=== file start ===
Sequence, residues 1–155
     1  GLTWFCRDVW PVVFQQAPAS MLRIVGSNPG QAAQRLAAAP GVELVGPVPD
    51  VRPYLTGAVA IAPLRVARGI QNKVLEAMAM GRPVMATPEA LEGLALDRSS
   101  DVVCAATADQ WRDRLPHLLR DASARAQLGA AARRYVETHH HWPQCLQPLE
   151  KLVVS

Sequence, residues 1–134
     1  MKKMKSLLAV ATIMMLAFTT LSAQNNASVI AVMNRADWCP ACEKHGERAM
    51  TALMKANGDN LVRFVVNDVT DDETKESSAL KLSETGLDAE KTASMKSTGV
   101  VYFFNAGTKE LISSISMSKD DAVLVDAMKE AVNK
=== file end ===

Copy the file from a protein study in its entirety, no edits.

Sequence, residues 1–155
     1  GLTWFCRDVW PVVFQQAPAS MLRIVGSNPG QAAQRLAAAP GVELVGPVPD
    51  VRPYLTGAVA IAPLRVARGI QNKVLEAMAM GRPVMATPEA LEGLALDRSS
   101  DVVCAATADQ WRDRLPHLLR DASARAQLGA AARRYVETHH HWPQCLQPLE
   151  KLVVS

Sequence, residues 1–134
     1  MKKMKSLLAV ATIMMLAFTT LSAQNNASVI AVMNRADWCP ACEKHGERAM
    51  TALMKANGDN LVRFVVNDVT DDETKESSAL KLSETGLDAE KTASMKSTGV
   101  VYFFNAGTKE LISSISMSKD DAVLVDAMKE AVNK